Mar 13-20: CA&N Media Articles and Updates

Some recent media articles and resources relating to child abuse and neglect. If you have items that you think would be helpful to include in this occasional post, please forward them to me at the email in my signature block.

These stories were chosen because of their perceived relevance to the child welfare community.  MiPSAC is not responsible for the views expressed in any of these articles, nor does it take a position for or against the positions expressed in the articles.  They are presented merely to provide a sampling of what the media is saying about child welfare.

Charlie Enright, JD, MSW
4907 Foster Rd.
Midland, MI  48642
(989) 600-9696
[email protected]

Michigan Professional Society on Abuse of Children, MiPSAC
This and previous posts can be found at:


Study of ‘Meth Babies’ Finds Behavior Problems

March 19, Associated Press: The first study to look at methamphetamine’s potential lasting effects on children whose mothers used it in pregnancy finds these kids at higher risk for behavior problems than other children. The behavior differences anxiety, depression, moodiness weren’t huge, but lead researcher Linda LaGasse called them, ”very worrisome.” Link to Article

Deported, and Now Childless (from Wisconsin)

Mar 18, Last fall the Applied Research Center (ARC), a New York-based social justice public policy institute, detailed in a report that 5,100 U.S.-born children whose parents are caught up in illegal immigration detention are “highly likely” to be lost in the foster care system even though their parents want to care for them once they return to their native country. Link to Article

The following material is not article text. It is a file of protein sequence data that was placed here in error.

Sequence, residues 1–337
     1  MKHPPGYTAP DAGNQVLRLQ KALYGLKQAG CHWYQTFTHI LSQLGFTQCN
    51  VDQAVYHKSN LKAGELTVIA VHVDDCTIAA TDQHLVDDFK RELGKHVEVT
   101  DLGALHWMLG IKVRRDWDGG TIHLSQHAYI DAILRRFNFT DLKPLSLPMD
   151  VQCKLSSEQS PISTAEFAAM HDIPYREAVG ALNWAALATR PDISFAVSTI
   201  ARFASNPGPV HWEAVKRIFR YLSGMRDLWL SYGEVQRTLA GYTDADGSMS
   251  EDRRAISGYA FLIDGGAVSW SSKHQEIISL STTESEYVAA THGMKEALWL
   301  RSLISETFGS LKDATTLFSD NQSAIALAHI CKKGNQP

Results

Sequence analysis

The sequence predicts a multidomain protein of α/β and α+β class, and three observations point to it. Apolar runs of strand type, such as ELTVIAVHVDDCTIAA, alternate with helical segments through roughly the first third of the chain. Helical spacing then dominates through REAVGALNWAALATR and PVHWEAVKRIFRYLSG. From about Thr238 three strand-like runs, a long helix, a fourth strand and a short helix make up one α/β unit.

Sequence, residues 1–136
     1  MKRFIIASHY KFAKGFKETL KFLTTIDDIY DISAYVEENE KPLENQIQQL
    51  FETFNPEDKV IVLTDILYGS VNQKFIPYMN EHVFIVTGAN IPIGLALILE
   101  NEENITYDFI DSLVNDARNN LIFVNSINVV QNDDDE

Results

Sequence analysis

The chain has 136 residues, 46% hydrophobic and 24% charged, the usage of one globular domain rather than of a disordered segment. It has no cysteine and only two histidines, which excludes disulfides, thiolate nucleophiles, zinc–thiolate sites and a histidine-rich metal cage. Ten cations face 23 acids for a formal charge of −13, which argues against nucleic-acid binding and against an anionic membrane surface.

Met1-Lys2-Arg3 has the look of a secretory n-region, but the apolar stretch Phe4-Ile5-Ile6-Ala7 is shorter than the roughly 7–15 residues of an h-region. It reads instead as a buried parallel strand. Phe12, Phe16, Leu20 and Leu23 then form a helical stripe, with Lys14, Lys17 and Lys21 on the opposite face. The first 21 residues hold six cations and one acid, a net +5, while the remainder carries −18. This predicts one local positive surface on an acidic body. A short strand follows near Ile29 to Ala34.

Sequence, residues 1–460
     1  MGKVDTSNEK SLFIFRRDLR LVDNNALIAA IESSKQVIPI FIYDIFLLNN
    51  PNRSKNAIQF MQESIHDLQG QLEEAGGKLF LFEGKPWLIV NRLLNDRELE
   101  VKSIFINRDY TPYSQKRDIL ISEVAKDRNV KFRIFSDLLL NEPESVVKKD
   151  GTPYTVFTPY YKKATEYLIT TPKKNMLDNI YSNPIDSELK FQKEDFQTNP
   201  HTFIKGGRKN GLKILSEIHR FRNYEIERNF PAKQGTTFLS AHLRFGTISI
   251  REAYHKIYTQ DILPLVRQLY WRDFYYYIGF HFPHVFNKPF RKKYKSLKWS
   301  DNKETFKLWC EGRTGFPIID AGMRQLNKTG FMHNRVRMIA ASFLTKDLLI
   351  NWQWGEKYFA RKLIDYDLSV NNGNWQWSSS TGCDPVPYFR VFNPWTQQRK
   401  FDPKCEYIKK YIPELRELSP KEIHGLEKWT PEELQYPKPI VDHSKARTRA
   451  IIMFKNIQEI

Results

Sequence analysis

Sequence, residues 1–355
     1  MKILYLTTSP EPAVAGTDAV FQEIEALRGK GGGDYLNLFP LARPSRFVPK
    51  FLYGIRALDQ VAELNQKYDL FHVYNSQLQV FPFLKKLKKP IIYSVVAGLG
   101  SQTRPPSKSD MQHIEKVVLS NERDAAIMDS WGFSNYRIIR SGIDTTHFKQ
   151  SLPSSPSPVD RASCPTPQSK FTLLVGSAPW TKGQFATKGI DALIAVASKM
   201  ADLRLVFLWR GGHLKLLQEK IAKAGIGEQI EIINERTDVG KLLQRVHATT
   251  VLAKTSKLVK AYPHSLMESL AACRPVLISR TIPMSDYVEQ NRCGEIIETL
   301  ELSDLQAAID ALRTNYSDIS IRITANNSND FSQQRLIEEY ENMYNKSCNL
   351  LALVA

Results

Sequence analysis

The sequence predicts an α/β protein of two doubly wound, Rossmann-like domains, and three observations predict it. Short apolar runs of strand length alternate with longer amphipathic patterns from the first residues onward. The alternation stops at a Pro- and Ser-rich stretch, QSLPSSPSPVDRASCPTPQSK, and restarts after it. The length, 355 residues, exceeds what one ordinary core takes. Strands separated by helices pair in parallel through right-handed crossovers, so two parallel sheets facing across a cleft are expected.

Mental Health Advocates Have Learned Life, and the Legislature, Isn’t Always Fair

Mar 15, Everybody talks a good game about “fairness” in the legislative process but for the mental health advocates, there’s been precious little of that in the last 20 years. Sen. Rebekah Warren (D-Ann Arbor) asserts, “I think we should not be picking winners and losers. I don’t want to look one Mom in the eye” and tell her she can’t have coverage for her mentally ill child while another Mom receives it for autism. “That concerns me a lot” — but not enough to delay the bill, which sailed through the state senate this week with only nine no votes. Link to Editorial

Bing Closing Graft-Filled Detroit Department of Human Services

March 14, Detroit Free Press: In a move designed to improve services for struggling Detroiters, Mayor Dave Bing is forfeiting more than $72 million in federal money intended to help poor people because a city department showed it can’t handle the funds effectively, his administration said Tuesday. Link to Article

Michigan Senate Approves Autism Coverage Proposals